Revealed: Who is meeting the official development assistance targets?

Foreign aid is one of those topics that always divides opinion but like it or not, most of the world has signed up to official development assistance targets.

What does this mean? It means that countries should be aiming to provide at least 0.70% of their GNI towards foreign aid.

Well, perhaps unsurprisingly, a new infographic from Wristband has shown that this isn’t necessarily the case. Instead, there are just five countries who have met such targets, with Nordic countries often taking the mantle. Sweden ranks at the top of the charge at 1.02%, while Norway is at 0.99% and Denmark is at 0.74%. Luxembourg and the United Kingdom were the two other nations above the recommended threshold at 1% and 0.70% respectively.

Of course, the main headline that will derive from this will be the countries that aren’t meeting these recommended targets. While the United States is by far and away the biggest donator, pledging over $34 billion, this only equates to 0.18% of their Gross National income. In fairness to Germany, who are the second biggest donator, they fall only slightly under the recommended target at 0.67%.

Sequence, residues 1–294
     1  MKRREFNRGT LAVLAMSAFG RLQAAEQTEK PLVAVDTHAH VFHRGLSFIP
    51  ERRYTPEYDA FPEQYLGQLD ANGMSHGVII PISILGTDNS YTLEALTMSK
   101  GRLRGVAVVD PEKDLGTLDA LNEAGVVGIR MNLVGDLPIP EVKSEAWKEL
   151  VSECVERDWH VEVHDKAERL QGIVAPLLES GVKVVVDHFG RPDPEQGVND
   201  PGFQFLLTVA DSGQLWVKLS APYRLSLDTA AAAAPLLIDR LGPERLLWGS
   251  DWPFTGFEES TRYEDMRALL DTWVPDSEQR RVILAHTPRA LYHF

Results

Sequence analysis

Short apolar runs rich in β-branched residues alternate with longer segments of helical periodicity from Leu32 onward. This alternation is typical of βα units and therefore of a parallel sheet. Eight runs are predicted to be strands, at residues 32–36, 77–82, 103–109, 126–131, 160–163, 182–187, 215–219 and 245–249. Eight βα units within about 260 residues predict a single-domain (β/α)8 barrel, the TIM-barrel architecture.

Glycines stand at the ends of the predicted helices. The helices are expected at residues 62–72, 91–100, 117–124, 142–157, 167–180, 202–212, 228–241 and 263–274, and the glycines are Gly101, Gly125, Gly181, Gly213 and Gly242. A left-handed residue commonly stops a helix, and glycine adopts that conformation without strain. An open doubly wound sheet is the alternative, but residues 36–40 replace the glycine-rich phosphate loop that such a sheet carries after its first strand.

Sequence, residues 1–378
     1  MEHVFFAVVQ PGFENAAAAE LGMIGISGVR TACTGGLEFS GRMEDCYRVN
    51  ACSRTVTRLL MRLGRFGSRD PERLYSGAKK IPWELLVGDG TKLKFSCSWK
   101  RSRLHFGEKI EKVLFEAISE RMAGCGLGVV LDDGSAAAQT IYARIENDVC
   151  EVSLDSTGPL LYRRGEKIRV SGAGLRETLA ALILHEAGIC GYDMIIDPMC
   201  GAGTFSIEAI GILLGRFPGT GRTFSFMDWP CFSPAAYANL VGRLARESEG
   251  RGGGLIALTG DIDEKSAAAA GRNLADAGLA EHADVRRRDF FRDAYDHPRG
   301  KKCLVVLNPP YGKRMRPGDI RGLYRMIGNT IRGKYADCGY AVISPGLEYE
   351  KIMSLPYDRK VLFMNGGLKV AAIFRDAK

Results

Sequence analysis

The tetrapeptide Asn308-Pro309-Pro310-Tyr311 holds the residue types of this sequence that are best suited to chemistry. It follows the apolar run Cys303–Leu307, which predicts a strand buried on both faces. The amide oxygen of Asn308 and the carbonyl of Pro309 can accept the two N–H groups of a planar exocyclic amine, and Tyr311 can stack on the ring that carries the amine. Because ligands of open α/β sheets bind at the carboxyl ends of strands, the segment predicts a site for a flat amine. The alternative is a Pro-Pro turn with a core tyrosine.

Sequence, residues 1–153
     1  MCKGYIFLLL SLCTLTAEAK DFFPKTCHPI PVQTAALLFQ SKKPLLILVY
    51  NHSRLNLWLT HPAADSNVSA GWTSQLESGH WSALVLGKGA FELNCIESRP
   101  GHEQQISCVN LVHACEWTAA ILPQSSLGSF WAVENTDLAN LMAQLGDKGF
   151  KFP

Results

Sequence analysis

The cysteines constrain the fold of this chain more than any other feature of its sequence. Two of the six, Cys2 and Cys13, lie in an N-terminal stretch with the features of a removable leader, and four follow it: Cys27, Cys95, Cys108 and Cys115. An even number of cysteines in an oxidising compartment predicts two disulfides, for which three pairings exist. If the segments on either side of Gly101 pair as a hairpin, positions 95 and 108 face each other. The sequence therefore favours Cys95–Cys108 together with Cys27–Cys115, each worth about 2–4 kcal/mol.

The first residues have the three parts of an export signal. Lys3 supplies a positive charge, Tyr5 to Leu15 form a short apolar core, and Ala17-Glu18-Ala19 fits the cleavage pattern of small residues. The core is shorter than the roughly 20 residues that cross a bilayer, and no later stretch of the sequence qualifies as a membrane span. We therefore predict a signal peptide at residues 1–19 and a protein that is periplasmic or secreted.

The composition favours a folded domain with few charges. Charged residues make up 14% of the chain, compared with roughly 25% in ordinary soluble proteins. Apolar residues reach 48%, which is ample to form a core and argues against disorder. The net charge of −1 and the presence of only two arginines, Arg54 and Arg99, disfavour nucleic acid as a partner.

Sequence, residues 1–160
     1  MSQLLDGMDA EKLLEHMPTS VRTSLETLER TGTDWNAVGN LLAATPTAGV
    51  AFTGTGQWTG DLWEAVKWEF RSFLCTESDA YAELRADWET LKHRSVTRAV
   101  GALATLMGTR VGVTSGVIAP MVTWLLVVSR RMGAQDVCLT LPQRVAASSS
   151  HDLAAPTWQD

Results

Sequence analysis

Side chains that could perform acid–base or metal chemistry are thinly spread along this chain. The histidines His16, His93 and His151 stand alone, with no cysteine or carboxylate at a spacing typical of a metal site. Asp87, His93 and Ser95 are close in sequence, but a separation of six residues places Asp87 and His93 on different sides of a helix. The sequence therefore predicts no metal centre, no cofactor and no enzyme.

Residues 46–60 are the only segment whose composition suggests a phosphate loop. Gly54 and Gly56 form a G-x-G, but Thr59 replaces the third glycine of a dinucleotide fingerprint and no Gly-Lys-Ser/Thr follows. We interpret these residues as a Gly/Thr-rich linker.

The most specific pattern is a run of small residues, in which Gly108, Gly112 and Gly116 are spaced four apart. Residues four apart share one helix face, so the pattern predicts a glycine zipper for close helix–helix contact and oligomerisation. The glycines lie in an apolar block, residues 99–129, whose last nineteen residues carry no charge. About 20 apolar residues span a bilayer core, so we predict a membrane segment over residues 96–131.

For those of you who want to delve into the data in more granular form, we will leave you with the infographic below. It reveals the countries which benefit the most, as well as just how much your own nation is giving to respective countries. It makes for interesting reading, and certainly provides a fresh insight into a topic that is somewhat polemic, should we say.

StrategyDriven Editorial Perspective Article | Revealed: Who is meeting the official development assistance targets? | Foreign Aid

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